Lesson 9 How Do I Measure Height On A MapPresentation Transcript
Lesson 9: How do I measure height on a map? Aim: An ability to use contour lines and spot heights to interpret altitude on maps.
Do the odd one out activity with your partner (see worksheets).
Main Activity 1
Q1 Describe the relief shown in this picture.
Q2 How could you show it on a map?
Q3 Why would you want to show it on a map?
Create a short acted sequence to show what it would be like to walk over this terrain.
So how is height shown on maps?
Spot heights are those points that the OS has measured to be exactly that height (in metres) above sea level. They are marked on the map thus:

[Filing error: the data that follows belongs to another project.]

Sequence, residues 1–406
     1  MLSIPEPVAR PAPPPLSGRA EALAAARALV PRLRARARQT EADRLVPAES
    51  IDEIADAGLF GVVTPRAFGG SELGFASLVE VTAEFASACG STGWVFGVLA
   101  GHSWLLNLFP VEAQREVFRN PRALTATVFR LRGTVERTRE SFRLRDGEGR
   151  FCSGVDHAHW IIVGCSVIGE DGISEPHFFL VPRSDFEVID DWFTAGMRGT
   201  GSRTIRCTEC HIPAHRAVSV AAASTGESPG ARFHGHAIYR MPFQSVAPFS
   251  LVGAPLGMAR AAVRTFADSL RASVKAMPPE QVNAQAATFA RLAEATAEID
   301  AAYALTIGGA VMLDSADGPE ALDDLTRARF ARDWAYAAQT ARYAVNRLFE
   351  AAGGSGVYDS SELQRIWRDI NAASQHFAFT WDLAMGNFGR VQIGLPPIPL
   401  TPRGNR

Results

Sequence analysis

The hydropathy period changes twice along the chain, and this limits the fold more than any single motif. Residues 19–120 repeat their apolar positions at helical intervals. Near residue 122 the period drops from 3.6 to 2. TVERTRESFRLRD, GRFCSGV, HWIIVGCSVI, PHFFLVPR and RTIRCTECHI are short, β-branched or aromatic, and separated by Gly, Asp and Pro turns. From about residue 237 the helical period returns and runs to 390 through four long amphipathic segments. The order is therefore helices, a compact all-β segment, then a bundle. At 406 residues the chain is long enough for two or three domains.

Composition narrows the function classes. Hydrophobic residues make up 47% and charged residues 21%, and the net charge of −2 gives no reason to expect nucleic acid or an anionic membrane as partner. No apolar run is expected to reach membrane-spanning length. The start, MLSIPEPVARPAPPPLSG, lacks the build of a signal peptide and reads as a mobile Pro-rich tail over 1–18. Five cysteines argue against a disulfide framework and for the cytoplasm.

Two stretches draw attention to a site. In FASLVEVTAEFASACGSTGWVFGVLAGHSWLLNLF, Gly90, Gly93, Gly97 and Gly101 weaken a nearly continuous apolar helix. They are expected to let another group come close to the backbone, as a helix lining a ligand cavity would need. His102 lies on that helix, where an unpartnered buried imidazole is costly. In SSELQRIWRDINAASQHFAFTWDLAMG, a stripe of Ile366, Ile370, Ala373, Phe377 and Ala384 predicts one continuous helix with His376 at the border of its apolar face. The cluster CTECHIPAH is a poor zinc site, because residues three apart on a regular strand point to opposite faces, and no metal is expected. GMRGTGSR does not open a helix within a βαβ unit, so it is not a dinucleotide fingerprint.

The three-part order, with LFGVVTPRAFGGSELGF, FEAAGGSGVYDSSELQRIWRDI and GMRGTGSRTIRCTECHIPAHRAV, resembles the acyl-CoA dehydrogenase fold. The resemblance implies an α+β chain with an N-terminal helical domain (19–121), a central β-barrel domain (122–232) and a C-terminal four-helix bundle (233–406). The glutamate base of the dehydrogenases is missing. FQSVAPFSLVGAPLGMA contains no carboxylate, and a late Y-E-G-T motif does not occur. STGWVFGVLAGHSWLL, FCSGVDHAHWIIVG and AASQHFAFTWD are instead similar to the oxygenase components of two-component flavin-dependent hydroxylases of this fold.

Always with a small dot marking the exact point.
This is what they look like on Ordnance Survey maps:
Now find an actual spot height on the OS map on your table.
Q4 What is its six figure grid reference?
Close together contour lines show a steep slope or gradient.
Q5 Find a slope on the map. What is its four figure grid reference?
Contour lines widely spaced show a gentle slope or gradient.
Q6 Find a gentle slope on the map. What is its 4 figure grid reference?
This set of contour lines represents a hill. The peak of the hill actually has a spot height of 386 marked upon it You can see that the contour lines form concentric 'circles' (complete loops of contour lines within another loop and so on). This is what defines the structure as a 'complete hill' rather than a slope or part of another feature.